There’s a magnitude about Dolly Parton that has absolutely nothing to do with her bust. Over the past three-plus decades, she has become a living, breathing international icon, her name easily as familiar as that of Frank Sinatra. But while achieving such an indelible slot in the public consciousness by merit of personality alone is no small feat, such fame does not always do justice to the formidable talent that launched Parton in the first place. Parton has penned some of country music’s timeless gems and performed them in one of the genre’s most distinctive voices, but thanks in part to her forays into pop and Hollywood, an entire generation has grown up with a novelty notion of her.
But Parton’s roots run deep, and over the past three years, she has fired off a loose trilogy of beautiful, rootsy albums, starting with Hungry Again, a tradition-minded lost classic that suffered a terrible, early death due to label shutdownanoma. Never the sort to back away from a challenge, Parton dusted herself off and let loose 1999’s The Grass Is Blue, a bluegrass effort of originals and old covers that even won over the finicky set of bluegrass purists (and nabbed her a pair of Grammy nominations). Now, with the release of her second foray into bluegrass, Little Sparrow, Parton again proves to be a masterful songwriter with a handful of originals of uncompromising traditional beauty and a couple of delicious covers that will send you scrambling for the credits in the liner notes. Her inimitable persona may forever attract the most attention, but Parton’s art will always be the quiet-yet-greater colossus.
“I’ve found a comfort zone,” she says of her latest output. “If the music’s real, people will always respond to it. Sometimes we get forced to go back to doing what we should do.”
Your last three albums seem to mark a sort of return to roots.
Well return to roots, I guess I never really left my roots. I think that’s the thing that’s kept me sane all these years no matter what else I’ve done. I have been fortunate that I get to do all this stuff; to do the movies, to have a fan base in a lot of different areas. I’ve always stayed true to my roots and true to myself and that music is the most natural form. Now there’s no pressure, since I’m not doing it to make a living anymore ’cause I’ve managed to do a few things like Dollywood and my production company where I can make a living doing other things.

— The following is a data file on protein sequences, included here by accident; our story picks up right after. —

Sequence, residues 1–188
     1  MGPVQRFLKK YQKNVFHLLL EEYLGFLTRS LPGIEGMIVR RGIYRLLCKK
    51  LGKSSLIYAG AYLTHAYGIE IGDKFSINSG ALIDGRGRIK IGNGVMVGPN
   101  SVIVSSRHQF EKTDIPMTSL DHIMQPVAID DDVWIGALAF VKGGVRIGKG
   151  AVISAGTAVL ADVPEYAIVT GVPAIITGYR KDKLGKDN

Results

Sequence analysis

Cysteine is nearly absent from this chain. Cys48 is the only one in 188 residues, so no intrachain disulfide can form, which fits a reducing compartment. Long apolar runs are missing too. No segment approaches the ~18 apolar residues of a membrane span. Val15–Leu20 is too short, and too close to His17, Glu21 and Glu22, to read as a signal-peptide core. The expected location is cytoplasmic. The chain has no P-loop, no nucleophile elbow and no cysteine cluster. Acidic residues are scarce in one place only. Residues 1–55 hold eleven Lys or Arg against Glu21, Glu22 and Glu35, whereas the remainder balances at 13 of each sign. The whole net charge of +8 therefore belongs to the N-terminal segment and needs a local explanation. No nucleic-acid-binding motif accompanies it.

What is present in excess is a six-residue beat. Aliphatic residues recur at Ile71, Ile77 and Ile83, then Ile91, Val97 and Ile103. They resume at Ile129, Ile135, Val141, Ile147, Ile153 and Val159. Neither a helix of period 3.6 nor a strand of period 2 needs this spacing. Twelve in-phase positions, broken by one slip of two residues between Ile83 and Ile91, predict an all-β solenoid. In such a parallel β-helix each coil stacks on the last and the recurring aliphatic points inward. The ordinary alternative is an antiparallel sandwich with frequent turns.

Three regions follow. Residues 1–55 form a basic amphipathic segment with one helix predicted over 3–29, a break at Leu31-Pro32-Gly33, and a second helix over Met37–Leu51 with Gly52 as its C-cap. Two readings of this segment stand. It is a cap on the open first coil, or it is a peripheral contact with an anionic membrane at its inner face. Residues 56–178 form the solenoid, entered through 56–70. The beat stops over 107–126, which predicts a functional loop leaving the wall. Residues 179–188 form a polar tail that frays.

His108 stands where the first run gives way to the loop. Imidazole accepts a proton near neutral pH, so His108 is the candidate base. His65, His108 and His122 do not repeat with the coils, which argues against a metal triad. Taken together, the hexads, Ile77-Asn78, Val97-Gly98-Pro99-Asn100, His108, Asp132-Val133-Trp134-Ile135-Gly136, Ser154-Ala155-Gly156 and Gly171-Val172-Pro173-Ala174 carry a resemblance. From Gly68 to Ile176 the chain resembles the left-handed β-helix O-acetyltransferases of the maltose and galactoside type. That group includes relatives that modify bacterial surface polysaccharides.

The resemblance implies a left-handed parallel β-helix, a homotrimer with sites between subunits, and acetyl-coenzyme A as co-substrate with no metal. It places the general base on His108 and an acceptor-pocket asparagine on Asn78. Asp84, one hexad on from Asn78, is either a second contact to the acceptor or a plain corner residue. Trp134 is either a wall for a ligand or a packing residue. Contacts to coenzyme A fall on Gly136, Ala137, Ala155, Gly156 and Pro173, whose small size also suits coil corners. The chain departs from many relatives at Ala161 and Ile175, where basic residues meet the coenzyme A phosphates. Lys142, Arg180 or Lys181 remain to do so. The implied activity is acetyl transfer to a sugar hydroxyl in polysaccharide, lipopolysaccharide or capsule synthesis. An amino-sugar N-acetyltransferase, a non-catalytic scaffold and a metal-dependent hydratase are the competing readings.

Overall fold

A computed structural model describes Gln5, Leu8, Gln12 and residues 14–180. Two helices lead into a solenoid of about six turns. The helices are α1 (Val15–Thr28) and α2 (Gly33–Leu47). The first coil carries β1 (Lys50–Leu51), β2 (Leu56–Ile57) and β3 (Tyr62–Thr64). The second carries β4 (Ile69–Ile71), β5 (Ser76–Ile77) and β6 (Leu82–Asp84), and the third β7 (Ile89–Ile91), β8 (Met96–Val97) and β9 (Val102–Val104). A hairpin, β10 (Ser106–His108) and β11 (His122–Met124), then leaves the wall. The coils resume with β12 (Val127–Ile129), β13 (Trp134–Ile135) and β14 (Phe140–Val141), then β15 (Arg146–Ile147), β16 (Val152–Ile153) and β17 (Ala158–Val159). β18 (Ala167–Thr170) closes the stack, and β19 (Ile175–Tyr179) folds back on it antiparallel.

So I had decided I was going to do some more traditional things. When I did Hungry Again, I went back to my old home place where I was born and raised and made it like a retreat. I went up there and wrote about thirty-seven songs and recorded a lot of ’em which I thought was a good springboard. Mainly I just wanted to get back to real stuff.
So what inspired you to go the bluegrass route?
I wasn’t sure what I wanted to do with my life because Hungry Again didn’t sell that well. I wasn’t really even looking for a label. And Steve Buckingham, who is my friend, and producer of many, many years, had mentioned that Sugar Hill Records had done some sort of survey and asked who the bluegrass fans thought should make a bluegrass album and I won. I said, “Well let’s do one.” And for this one, we feel we’ve captured what we had on The Grass Is Blue, we’ve just taken it a few steps further.
In the wake of Bill Monroe’s passing, there’s been a bit of a bluegrass boom — from the success of Alison Krauss over the years to Steve Earle’s recent foray.
People like bluegrass. It’s had a following amongst a lot of hip and young people. A lot of college kids like bluegrass. Everything’s so complicated these days, I think a lot of the appeal is the simplicity. It’s not a bunch of electrified instruments and drums — you just hear this beautiful clean music played so well, these perfect harmonies. You can hear what they’re singing, you can hear the quality of the voice of the singer. So I think they’re liking the simplicity of that. Bill Monroe was wonderful and his passing left a big gap there . . . a Cumberland Gap. [Laughs].
Your originals blend so well with the traditional material. Do you find it hard to make them flow together?
That’s the easiest stuff for me to do. It goes back to my childhood. My mother used to sing a lot. There was just always a bunch of singing going on around our place. And those old songs were the ones we heard the most. So it’s just embedded in me and it’s the easiest thing in the world. That’s the stuff that comes out of me the easiest. To take some new stuff and make it sound old.
You also seem to relish the opportunity to transform non-bluegrass songs into the format.
Well I think it’s good being a country girl that can go to the city. It’s served me well living in all the worlds I’ve lived in: from when I was young and we had no electricity, no running water, outdoor toilet and then to come all the way to this technical world that we live in now. I hear everything. I love all kinds of music, and I’ve done a lot of it.